Cite This Page:

Montana State University. "Unusual Effects On Cell Infected By Virus Found In Boiling Acidic Spring In Yellowstone National Park." ScienceDaily. ScienceDaily, 28 July 2009. <www.sciencedaily.com/releases/2009/07/090717150246.htm>.
Montana State University. (2009, July 28). Unusual Effects On Cell Infected By Virus Found In Boiling Acidic Spring In Yellowstone National Park. ScienceDaily. Retrieved August 23, 2014 from www.sciencedaily.com/releases/2009/07/090717150246.htm
Montana State University. "Unusual Effects On Cell Infected By Virus Found In Boiling Acidic Spring In Yellowstone National Park." ScienceDaily. www.sciencedaily.com/releases/2009/07/090717150246.htm (accessed August 23, 2014).

Share This




More Plants & Animals News

Saturday, August 23, 2014

Featured Research

from universities, journals, and other organizations


Featured Videos

from AP, Reuters, AFP, and other news services

Endangered Red Wolves Face Uncertain Future

Endangered Red Wolves Face Uncertain Future

AP (Aug. 22, 2014) A federal judge temporarily banned coyote hunting to save endangered red wolves, but local hunters say that the wolf preservation program does more harm than good. Meanwhile federal officials are reviewing its wolf program in North Carolina. (Aug. 22) Video provided by AP
Powered by NewsLook.com
Farm Resurgence Grows With Younger Crowd

Farm Resurgence Grows With Younger Crowd

AP (Aug. 22, 2014) New England farms are seeing a surge in younger farm hands as the 'buy local' food movement grows across the country. (Aug. 22) Video provided by AP
Powered by NewsLook.com
Drug Used To Treat 'Ebola's Cousin' Shows Promise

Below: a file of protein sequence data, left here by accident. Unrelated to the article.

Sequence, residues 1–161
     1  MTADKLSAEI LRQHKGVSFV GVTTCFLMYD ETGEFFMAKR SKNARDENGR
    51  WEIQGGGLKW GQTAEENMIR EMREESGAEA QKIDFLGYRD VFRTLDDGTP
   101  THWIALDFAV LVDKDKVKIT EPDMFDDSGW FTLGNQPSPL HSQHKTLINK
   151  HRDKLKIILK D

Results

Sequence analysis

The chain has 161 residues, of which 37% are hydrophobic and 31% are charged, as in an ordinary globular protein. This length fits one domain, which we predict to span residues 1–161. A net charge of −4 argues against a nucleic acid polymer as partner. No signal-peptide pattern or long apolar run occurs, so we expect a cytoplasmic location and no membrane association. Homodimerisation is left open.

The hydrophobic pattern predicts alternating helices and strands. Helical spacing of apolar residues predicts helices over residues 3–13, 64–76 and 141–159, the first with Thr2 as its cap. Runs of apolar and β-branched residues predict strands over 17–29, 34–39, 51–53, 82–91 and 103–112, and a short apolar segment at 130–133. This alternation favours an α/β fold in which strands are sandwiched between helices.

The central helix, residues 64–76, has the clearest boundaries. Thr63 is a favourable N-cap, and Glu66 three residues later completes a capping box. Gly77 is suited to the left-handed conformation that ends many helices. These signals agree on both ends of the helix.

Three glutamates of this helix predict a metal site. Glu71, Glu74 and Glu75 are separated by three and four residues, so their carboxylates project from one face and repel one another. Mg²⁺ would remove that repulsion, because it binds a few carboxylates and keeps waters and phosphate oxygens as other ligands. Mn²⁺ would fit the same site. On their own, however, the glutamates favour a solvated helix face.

Drug Used To Treat 'Ebola's Cousin' Shows Promise

Newsy (Aug. 21, 2014) An experimental drug used to treat Marburg virus in rhesus monkeys could give new insight into a similar treatment for Ebola. Video provided by Newsy
Powered by NewsLook.com
Terrifying City-Dwelling Spiders Are Bigger And More Fertile

Terrifying City-Dwelling Spiders Are Bigger And More Fertile

Newsy (Aug. 21, 2014) According to a new study, spiders that live in cities are bigger, fatter and multiply faster. Video provided by Newsy
Powered by NewsLook.com

Search ScienceDaily

Number of stories in archives: 140,361

Find with keyword(s):
Enter a keyword or phrase to search ScienceDaily for related topics and research stories.

Save/Print:
Share:

Breaking News:
from the past week

In Other News

... from NewsDaily.com

Science News

Health News

Environment News

Technology News



Save/Print:
Share:

Free Subscriptions


Get the latest science news with ScienceDaily's free email newsletters, updated daily and weekly. Or view hourly updated newsfeeds in your RSS reader:

Get Social & Mobile


Keep up to date with the latest news from ScienceDaily via social networks and mobile apps:

Have Feedback?


Tell us what you think of ScienceDaily -- we welcome both positive and negative comments. Have any problems using the site? Questions?
Mobile: iPhone Android Web
Follow: Facebook Twitter Google+
Subscribe: RSS Feeds Email Newsletters
Latest Headlines Health & Medicine Mind & Brain Space & Time Matter & Energy Computers & Math Plants & Animals Earth & Climate Fossils & Ruins